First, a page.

When you reside at the intersections of multiple identities anniversaries of your civil rights struggles can be both bitter and sweet. And this May 17th was a reminder.

At 12:01 a.m. on May 17, 2004, the city of Cambridge was the first to issue marriage licenses to same-sex couples. At 9:15 a.m. the first couple was married. Then Cambridge City Clerk Margaret Drury said to Tanya McCluskey,52, and Marcia Kadish,56, of Malden, Massachusetts, “I now pronounce you married under the laws of the Commonwealth of Massachusetts.”
Also, on that day was the 50th anniversary of the historic U.S. Supreme Court case of “Brown v. Board of Education,” a ruling that upended this country’s “separate but equal” doctrine, adopted in the “Plessy v. Ferguson” decision of 1896.
While joy washed over me that day knowing my partner and I could now follow McCluskey’s and Kadish”s footsteps and be legally married, we could not rejoice over the limited success, huge failures, and ongoing resistance of Brown that allowed a few of us entry into some of the top universities of this country, as it naggingly continues to be challenged as a form of reverse discrimination.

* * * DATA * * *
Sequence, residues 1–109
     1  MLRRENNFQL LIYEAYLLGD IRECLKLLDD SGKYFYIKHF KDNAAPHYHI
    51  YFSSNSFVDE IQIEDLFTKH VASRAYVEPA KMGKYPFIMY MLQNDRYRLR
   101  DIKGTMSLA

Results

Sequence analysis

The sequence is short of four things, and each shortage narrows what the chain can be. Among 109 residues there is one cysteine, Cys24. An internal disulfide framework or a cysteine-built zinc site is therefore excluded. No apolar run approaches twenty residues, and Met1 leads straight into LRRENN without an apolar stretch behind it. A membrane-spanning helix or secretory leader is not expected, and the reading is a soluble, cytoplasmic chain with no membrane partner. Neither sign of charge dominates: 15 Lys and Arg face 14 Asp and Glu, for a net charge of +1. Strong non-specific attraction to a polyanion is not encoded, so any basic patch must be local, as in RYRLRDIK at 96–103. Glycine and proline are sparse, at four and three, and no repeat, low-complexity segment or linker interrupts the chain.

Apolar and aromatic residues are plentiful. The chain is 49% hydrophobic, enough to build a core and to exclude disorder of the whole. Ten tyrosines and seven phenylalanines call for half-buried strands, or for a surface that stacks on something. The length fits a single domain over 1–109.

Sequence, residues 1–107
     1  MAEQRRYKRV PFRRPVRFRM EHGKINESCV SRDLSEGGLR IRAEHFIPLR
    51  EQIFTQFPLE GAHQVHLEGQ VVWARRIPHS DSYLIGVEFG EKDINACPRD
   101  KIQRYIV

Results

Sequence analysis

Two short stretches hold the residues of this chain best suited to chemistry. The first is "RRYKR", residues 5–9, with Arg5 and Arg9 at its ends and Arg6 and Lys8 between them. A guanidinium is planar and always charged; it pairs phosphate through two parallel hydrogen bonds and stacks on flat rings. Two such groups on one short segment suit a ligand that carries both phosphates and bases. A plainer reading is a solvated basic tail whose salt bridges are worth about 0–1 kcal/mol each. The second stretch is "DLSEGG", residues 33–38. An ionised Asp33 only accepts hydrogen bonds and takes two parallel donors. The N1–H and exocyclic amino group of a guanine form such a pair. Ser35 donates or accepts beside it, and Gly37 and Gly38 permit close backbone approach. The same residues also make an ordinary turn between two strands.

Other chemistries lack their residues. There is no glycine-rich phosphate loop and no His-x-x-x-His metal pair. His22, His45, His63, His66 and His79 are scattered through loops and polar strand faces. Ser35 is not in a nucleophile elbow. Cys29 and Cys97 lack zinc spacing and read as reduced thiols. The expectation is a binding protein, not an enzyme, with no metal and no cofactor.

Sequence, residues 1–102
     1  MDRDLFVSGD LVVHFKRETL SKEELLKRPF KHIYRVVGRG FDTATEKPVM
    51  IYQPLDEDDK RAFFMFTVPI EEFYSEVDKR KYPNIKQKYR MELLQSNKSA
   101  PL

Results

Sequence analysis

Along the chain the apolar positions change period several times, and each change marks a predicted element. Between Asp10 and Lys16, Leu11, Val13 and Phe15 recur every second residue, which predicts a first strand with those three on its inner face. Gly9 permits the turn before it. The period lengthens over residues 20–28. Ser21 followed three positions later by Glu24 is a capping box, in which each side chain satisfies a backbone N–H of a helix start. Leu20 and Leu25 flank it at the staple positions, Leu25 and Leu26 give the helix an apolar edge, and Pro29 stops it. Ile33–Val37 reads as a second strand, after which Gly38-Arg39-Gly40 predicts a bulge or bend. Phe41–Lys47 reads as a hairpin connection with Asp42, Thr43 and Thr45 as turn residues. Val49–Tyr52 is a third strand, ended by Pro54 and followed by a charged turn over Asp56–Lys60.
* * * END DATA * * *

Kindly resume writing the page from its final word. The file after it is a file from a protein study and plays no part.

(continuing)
read more

Massachusetts isn’t Mississippi but we, too, have no trans accommodation bill

Mississippi and North Carolina can now be added to the list of states codifying transgender discrimination.

To date, only seventeen states across the country have passed non-discrimination bills protecting transgender citizens in public spaces. Shockingly, Massachusetts isn’t one of them.

With Massachusetts lauded as one of the most pro-LGBTQ states in the country my lawmakers have disappointed me with their political foot dragging and staling on our “Bathroom Bill”. Senate President Stanley Rosenberg and Attorney General Maura Healey fully support the bill. Governor Charlie Baker, however, has declined to take a stance on it.

read more

Wounding God

It is a sacred challenge to administer justice without vengeance. Jesus calls us to go the extra mile beyond retribution (“an eye for an eye”) and love our enemies. But real love holds the beloved accountable.

read more

Jesus, Muhammad and the Goddess

A Girl God Anthology

35 International contributors reflect on finding Goddess within (and without) Christianity and Islam.

read more

A Religious Utopia Turned Nightmare

“Their emigration to Jonestown in Guyana, South American represents another leg of the African Diaspora, but this time black bodies are stolen and killed not by the hands of white slave hunters, but rather by a religious …

read more

“I Am Woman” – Angry on this International Women’s Day

Equal pay for equal work, most of us agree, a few continue to hesitate, despite the fact that there are countless economic studies that demonstrate the equal pay for equal work is good for men as well as women. In 2015, the United Nations communique declared that at the current rate it will take seventy years for women to reach pay equity and that includes Canada, the United States and Europe; seventy years!